This isn't the first study to indicate exercise can help with AFib, but it's certainly the most extensive. This observational study published in the Journal of the American College of Cardiology found that AFib patients who upped their cardio game over the course of a five year period were less likely to have recurrent AFib episodes. Another small research project published in Circulation reported that just 12 weeks of aerobic exercise was enough to shorten the length of AFib attacks.

3

3.5 Hours of Exercise a Week

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This latest study set out to assess the impact of a six-month exercise program on AFib recurrence and symptom severity, both during those first six months as well as after another six months of follow-up time. Individuals living with both short AFib episodes (paroxysmal AFib) and longer episodes (persistent AFib) that require an intervention of some kind (medication, etc) were included in this work, but not patients whose heartbeats can't be returned to normal (termed permanent AFib).

A total of 120 older adults took part in the study. To start, half were randomly assigned to the exercise group while the other half was simply instructed to continue with their usual lifestyles.

Adults assigned to the exercise cohort attended supervised exercise sessions to go along with an individualized home training regimen. For the first three months subjects attended exercise courses on a weekly basis, while the next three months mandated exercise courses on a bi-weekly basis. Generally, researchers were hoping to see each person assigned to the exercise group work out for at least three and a half hours per week. The training sessions were usually high-intensity, while home workouts were more up to the individual and could be accomplished by going for a walk, bike ride, swimming, etc.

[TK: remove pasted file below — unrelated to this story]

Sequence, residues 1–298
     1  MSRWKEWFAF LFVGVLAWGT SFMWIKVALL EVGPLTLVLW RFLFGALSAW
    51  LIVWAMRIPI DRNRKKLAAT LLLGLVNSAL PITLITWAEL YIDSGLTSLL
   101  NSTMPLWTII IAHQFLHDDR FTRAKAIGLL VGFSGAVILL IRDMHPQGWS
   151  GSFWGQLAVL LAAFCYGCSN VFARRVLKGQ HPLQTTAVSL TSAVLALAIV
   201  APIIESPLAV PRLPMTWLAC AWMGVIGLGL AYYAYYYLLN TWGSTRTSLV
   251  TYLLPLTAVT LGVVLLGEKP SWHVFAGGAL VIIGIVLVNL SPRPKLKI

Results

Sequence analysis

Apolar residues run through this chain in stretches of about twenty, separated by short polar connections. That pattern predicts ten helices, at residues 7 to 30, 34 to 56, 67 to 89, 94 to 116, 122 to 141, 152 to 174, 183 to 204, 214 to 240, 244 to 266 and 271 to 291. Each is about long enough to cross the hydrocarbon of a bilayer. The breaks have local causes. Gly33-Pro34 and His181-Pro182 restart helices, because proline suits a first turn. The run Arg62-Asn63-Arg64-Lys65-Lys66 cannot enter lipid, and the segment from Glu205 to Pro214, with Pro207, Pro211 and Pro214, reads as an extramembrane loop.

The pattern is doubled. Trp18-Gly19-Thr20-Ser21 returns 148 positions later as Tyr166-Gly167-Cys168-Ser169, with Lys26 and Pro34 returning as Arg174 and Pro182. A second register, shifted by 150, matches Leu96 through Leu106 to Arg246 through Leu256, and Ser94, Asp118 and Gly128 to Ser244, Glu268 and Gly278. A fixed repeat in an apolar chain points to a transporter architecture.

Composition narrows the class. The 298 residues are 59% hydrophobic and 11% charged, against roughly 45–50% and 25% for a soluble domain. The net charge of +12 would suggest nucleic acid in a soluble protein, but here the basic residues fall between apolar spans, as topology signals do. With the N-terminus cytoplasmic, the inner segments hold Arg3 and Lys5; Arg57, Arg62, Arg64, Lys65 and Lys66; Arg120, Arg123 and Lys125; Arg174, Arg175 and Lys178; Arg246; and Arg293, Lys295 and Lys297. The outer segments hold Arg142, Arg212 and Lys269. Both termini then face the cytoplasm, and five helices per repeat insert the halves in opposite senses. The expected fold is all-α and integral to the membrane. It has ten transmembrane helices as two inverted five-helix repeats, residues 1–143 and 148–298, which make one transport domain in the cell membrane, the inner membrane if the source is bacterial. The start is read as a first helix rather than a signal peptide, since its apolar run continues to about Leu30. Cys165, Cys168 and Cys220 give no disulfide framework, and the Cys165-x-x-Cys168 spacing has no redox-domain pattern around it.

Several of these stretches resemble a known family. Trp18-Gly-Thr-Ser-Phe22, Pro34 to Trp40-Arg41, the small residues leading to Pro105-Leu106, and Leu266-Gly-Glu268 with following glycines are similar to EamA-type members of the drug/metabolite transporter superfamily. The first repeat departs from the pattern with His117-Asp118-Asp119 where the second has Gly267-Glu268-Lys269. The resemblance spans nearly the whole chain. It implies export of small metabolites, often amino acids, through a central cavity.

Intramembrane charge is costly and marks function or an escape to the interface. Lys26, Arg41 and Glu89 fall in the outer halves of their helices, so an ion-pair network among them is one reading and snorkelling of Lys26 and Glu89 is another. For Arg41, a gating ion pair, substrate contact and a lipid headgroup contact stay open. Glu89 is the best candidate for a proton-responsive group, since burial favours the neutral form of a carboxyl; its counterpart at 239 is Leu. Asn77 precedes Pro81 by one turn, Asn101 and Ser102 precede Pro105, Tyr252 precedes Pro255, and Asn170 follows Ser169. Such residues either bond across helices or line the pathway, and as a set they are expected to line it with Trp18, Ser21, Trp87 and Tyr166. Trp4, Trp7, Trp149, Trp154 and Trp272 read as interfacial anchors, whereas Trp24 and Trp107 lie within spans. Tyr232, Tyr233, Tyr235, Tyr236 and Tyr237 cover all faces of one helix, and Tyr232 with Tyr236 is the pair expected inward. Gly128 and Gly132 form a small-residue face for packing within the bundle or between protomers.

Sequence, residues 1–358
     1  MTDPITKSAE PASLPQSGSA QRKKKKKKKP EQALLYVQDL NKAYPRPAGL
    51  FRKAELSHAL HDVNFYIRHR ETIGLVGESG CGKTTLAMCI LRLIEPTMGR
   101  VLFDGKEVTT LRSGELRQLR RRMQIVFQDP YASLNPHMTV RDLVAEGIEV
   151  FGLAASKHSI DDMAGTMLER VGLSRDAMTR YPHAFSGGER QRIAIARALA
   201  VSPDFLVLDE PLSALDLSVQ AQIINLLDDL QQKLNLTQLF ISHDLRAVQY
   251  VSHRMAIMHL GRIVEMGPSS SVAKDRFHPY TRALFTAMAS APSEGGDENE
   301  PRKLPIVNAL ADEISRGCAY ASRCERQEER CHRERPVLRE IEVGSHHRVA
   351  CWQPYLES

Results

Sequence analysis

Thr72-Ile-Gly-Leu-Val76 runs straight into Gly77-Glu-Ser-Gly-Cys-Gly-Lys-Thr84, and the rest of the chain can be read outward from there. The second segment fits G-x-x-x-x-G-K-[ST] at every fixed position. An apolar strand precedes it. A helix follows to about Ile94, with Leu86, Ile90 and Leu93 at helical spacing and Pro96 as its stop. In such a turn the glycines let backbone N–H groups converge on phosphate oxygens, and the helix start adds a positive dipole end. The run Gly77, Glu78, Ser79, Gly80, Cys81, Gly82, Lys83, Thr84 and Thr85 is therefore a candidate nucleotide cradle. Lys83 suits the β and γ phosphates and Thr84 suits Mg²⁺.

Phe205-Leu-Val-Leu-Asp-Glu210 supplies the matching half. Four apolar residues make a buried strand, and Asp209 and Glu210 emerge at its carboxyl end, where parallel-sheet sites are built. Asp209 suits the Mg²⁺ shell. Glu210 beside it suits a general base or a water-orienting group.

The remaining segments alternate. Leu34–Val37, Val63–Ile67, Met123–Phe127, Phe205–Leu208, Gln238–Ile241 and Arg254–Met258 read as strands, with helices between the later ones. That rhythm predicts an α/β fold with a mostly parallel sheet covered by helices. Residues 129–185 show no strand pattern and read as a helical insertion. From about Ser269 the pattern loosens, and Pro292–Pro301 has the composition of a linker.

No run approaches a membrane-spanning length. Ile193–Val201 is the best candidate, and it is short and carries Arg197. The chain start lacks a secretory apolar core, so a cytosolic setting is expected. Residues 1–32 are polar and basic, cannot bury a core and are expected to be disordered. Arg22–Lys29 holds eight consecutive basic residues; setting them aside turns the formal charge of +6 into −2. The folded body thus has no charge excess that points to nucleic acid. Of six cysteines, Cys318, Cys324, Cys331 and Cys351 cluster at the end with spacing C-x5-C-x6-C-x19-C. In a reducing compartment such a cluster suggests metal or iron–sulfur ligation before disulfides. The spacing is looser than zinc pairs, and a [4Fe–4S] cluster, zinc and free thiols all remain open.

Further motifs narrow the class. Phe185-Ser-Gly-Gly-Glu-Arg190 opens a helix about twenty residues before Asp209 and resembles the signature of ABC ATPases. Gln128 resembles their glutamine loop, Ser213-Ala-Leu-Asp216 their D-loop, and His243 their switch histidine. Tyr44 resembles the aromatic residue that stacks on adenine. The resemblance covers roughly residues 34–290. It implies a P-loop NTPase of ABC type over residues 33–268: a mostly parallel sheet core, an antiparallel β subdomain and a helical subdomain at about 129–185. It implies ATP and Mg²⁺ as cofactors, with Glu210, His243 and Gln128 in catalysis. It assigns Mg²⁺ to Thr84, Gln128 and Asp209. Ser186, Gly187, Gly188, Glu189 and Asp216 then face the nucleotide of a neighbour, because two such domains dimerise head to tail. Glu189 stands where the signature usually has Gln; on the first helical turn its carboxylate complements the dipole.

Importantly, all 120 study participants continued to receive their usual cardiological care from their physician of choice.

4

One Year Later

Middle Aged Man Being Encouraged By Personal Trainer In Gym

By the time a full 12 months had passed, individuals assigned to the exercise group showed a significantly lower AFib recurrence rate (60%) than the other participants (80%). "Recurrent AFib" was defined as any episode lasting longer than 30 seconds, undergoing an ablation procedure, or needing ongoing antiarrhythmic drug therapy.

"Patients in the exercise group also had a significant reduction in the severity of their symptoms at 12 months compared to the control group. "This means that patients reported less severe palpitations, shortness of breath and fatigue," Dr. Elliott explains.

"Our study provides evidence that aerobic exercise should be incorporated into the treatment of patients with symptomatic AF. This should sit alongside the use of medications, as guided by a cardiologist, and management of obesity, hypertension and sleep apnea. As a general guide, patients should strive to build up to 3.5 hours per week of aerobic exercise and incorporate some higher intensity activities to improve cardiorespiratory fitness," he concludes. And if walking is your favorite form of exercise, don't miss The Secret Cult Walking Shoe That Walkers Everywhere Are Totally Obsessed With.

John Anderer
John Anderer is a writer who specializes in science, health, and lifestyle topics. Read more